• Published on | Jul 03, 2016 | by Chris Osborn

TRS-80 Model I Floppy Repair

Another repair project that I’ve had sitting around for quite a while is a TRS-80 floppy drive. It was another “untested” item that I got for a reasonable price off eBay. When it arrived I hooked it up and it didn’t work. A little bit of investigation and I found that the spindle motor wasn’t turning on. Again I got distracted with something else and put the project aside for another time.

Precariously balancing I didn’t want to have to test the drive by constantly fiddling with the TRS-80 Model I since it’s rather flakey as it is. Instead I hooked the floppy drive up to my PC that I normally use with an internal 5.25” floppy drive. According to the information I found about connecting a Shugart drive to a PC, as long as I wanted to connect a drive as the B drive I should be able to plug it into a regular PC floppy cable where the B drive connects and not need to rewire the cable. Almost, more on that later.

To hook up the TRS-80 floppy drive I had to balance it sort of precariously on the edge of the PC tower since that was as far as the floppy cable would reach. With it hooked up and the PC booted into FreeDOS I tried to access the drive and just like when it was connected to the TRS-80, the spindle motor didn’t work. I could power it off and manually shift the head, and when the PC tried to access it the head would step back to track zero, so it was just a problem with the spindle motor.

While moving the drive around to try to get better access to something, suddenly the motor turned on! But as soon as I put the drive back down it shut off. Very strange! Thinking that maybe moving it around was flexing something I turned the drive this way and that way but couldn’t get the motor to come back on. I then tried balancing the drive on the PC case the same way I had before and sure enough, the motor started spinning again!

More investigation and I discovered that when a screw on the bottom of the floppy drive touched the metal PC case it was allowing the drive motor to work. I put the drive on a board to insulate it from the PC and got out a jumper lead with alligator clips. I clipped one end to the PC case and then touched the other to the screw and again the motor would spin. Very odd. Wondering if maybe there was a problem with the power supply in the TRS-80 drive I removed it completely and used the PC’s power supply and ran the same tests with the same results: the drive would only spin when connected to the PC case.

The PC case is actually connected to earth ground, not to the common black wire from the power supply. Connecting the drive frame to the PC case provided a different path for the electricity to flow. When I connected a meter between the drive frame and the PC case I got a reading of 12 volts. If I unplugged the spindle motor from the board I got around 10 volts. If I unplugged the driver board from the main board then it went to zero.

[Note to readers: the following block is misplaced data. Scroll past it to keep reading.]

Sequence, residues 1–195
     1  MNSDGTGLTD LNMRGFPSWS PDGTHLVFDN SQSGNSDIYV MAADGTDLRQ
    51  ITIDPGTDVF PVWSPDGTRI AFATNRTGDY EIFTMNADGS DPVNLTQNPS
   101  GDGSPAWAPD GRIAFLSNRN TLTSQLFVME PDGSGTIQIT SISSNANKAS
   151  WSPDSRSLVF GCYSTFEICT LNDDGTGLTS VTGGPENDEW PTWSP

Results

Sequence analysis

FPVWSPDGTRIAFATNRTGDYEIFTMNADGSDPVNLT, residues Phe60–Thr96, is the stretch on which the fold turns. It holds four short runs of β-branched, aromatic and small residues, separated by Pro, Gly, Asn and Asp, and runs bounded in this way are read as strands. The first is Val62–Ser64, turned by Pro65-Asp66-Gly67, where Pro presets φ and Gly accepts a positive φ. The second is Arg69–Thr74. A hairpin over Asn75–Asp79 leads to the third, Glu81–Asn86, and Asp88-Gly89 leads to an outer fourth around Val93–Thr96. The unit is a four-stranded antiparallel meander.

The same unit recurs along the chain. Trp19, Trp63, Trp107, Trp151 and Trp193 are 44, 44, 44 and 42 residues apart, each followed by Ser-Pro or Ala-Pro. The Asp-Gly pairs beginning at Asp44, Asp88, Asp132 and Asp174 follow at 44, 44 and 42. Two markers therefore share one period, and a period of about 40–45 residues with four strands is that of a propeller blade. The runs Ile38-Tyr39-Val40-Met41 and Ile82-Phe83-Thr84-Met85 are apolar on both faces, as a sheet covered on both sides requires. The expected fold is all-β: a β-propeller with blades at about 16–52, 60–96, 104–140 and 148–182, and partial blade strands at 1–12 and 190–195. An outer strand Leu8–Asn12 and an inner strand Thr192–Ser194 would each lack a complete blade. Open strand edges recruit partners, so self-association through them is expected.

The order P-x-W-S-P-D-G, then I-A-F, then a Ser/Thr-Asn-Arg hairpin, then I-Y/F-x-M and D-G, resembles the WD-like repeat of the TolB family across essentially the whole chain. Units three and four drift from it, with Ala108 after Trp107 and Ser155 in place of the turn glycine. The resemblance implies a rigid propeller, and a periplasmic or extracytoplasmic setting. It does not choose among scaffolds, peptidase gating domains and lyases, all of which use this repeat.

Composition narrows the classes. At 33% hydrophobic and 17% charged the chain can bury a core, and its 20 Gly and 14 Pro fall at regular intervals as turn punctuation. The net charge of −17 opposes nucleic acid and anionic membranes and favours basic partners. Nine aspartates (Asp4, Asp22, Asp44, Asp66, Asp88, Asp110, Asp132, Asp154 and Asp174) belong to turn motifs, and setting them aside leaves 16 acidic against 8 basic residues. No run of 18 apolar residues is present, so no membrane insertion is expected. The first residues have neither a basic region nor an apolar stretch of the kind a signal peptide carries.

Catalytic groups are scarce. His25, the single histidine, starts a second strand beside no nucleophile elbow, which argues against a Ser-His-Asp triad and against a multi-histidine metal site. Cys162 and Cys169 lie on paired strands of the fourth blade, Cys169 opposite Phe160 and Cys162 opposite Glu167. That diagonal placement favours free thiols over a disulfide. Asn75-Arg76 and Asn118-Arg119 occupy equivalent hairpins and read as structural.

Suspecting that there may be a problem with the driver board I stole the driver board from my working TRS-80 floppy drive and swapped it in. No change.

Again while shifting the drive around to examine something I suddenly had a working drive! This time moving the wire that goes from P13 on the main board to P20 on the driver board was making it work. I pulled the identical cable from the other drive and plugged it in and now the drive was working perfectly. Wiggling the cable and the drive kept working.

I popped the pins out of the bad cable and sure enough, the wire that brings common from the main board to the driver board was tarnished. The spindle driver board is also responsible for connecting common to the floppy drive frame, so with no path back to the power supply common, connecting the floppy frame to earth ground gave the electricity some place to go.

As soon as I tried to sand the tarnish off the pin it disintegrated. I cut off the remains and crimped on a new pin and installed the cable back in the drive. Now the motor was working great! But I still couldn’t get the PC to see a disk in the drive.

Dual floppies! One of the tests that a computer can do to see if there’s a floppy in the drive is to look for index pulses. Often I’ve been able to get a floppy drive working just by cleaning the index sensor. I tried that but that didn’t work. Suspecting that there may be more corroded pins I checked out P10 on the main board and sure enough, another corroded pin that fell apart when I removed it. I replaced the pins in P10 and tried again, and now I could see pulses coming from the index sensor!

Hooked the drive back up to the Model I and now I have two drives!

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